‘Under the digital literacy umbrella are numerous interrelated skills that range from basic awareness and training to foster informed citizens and to build consumer and user confidence, to highly sophisticated and more complex creative and critical literacies and outcomes. Given the constantly evolving nature of technology, acquisition of digital literacy skills represents a process of life long learning.’ (MNet, 2010)
Computers have provided an entirely new medium for literacy (reading and writing). Digital literacy has led to great increases in information that can be conveniently and quickly accessed and facilitates the collaboration and sharing of knowledge. With other forms of digital literacy, we are also seeing an increasing reliance on digital modes of communication. Word processing is now the standard for writing and there has been a global uptake of email and usage of the World Wide Web. In addition sites like Facebook, Twitter, YouTube, all speak to digital literacy leading to greater global participation in literacy. There is now the potential for global access to knowledge and an interest in creating more multilingual and multi-literacy online environments as digital technologies facilitate global and intercultural exchange.. The computer has become a part of global business and the education culture, to this end digital literacy has a direct effect on a country’s economy. ‘…digital literacy is so closely connected to the traditional association of literacy and democratic rights, as well as to more specific notions of e-government.’ (Dobson & Willinsky, 2009). Dobson and Willinsky have been very clear that in considering digital literacy and its importance we must also be cognizant of the digital divide.
Digital Divide Defined
When discussing the digital divide it is helpful to have a definition or understanding of what this term means. The term is often used to describe the differences in access to ICTs. First mentions of the digital divide “appeared about 1995, in documents such as ‘Falling through the net’” (Gutierrez & Gamboa 2008). The Organisation for Economic Co-operation and Development (OECD) “define the divide as the ‘gap between individuals, households, business and geographic areas at different socio-economic levels with regards to their opportunities to access information and communication technologies and to their use for a wide variety of countries’” (Gutierrez & Gamboa 2008). It is important to understand that the digital divide is extremely complex and is a dynamic concept. There is not a single divide but multiple divides and therefore there are numerous ways to measure the divide; the most popular measure is the assessment of the extent to which people have access to the Internet. In addition reports suggest that the inequalities of access are evolving and taking on new forms, specifically in regards to the digital divide between the speed and quality of access to ICTs (ITU, 2007).
Digital Divide Factors
Now that we have a working definition of ‘Digital Divide’, the next step is to understand the factors that contribute to this inequity. After reading dozens of journals regarding the digital divide there are definite recurring themes regarding the main factors contributing to this phenomenon. Those factors include: age, health, living conditions, employment, culture, background, gender, education, and income. Lack of education combined with a low-income compounds the issue and increases the likely hood of the lack of digitization. Further significant factors include physical location such as rural vs. urban, remoteness of area and whether the individuals are located in a developed or developing country. Even the level of overcrowding in a bedroom is an important factor (Gutierrez & Gamboa 2008). When we look at the more advanced ICTs we see that they are even more limited in their distribution to the poor, less educated and aged population (Gutierrez & Gamboa 2008). The experts seem to agree that the main factors determining whether individuals are likely to use ICTs is wealth and education. “While Disparities in wealth continue to exist, the digital divide will persist “ (ITU, 2007). It is important to note that there are ICT have and have-nots globally, nationally and locally (Bracey Sutton, 2008) and that “The digital divide still exists and it is widening” (Bracey Sutton, 2008).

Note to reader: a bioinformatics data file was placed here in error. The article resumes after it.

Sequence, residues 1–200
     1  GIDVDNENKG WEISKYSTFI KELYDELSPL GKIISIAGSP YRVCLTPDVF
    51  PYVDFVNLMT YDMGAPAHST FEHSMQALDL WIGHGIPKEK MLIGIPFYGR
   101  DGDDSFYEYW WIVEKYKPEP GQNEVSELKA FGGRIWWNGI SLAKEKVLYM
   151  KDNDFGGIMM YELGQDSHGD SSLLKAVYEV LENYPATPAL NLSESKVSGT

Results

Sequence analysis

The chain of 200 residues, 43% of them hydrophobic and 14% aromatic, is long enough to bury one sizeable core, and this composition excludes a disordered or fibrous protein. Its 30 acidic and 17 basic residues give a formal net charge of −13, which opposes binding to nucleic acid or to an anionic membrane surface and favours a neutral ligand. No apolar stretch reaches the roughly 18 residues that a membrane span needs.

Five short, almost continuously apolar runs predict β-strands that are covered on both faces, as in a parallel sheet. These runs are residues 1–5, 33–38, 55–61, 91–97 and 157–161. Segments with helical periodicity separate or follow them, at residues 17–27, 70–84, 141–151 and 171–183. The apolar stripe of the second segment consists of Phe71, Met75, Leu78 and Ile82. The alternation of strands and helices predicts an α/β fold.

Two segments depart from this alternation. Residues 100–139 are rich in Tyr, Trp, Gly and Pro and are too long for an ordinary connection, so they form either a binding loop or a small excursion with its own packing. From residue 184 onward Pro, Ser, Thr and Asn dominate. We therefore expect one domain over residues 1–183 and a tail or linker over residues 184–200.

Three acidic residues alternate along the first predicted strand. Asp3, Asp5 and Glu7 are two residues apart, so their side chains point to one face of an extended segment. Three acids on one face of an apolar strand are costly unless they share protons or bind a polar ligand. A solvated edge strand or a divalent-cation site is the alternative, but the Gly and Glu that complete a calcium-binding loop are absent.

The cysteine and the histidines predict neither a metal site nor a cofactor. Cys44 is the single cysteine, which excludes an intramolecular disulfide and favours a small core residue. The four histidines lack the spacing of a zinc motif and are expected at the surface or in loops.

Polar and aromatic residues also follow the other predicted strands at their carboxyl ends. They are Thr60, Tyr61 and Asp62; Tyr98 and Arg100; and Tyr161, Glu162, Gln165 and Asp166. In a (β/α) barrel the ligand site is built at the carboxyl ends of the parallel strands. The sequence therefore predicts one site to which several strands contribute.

So why do we care if there is a digital divide and whether or not it is widening? ICTs are having ever greater impact on global economies and social processes (For, 2008). “It’s potential for catalyzing development in poor countries should be seriously considered as well” (For, 2008). Having a widening divide is hazardous on many levels, especially when technology is a primary driver for productivity, growth and efficiency (Dickinson, 2007). Those who are the digital have-nots “are in great danger of finding themselves left behind in the 21st Century economy” (Dickinson, 2007).
To this end I find undertakings like Project Gutenberg to be inspiring, the ‘sheer quantity and range of texts that are now available online has become a defining aspect of digital literacy.’ (Dobson & Willinsky, 2009). All of this knowledge, available at your fingertips, knowledge is power, and to access the knowledge you need to be digitally literate. With this in mind would we not be doing our learners a great disservice if we did not prepare them to be digitally literate in this new environment?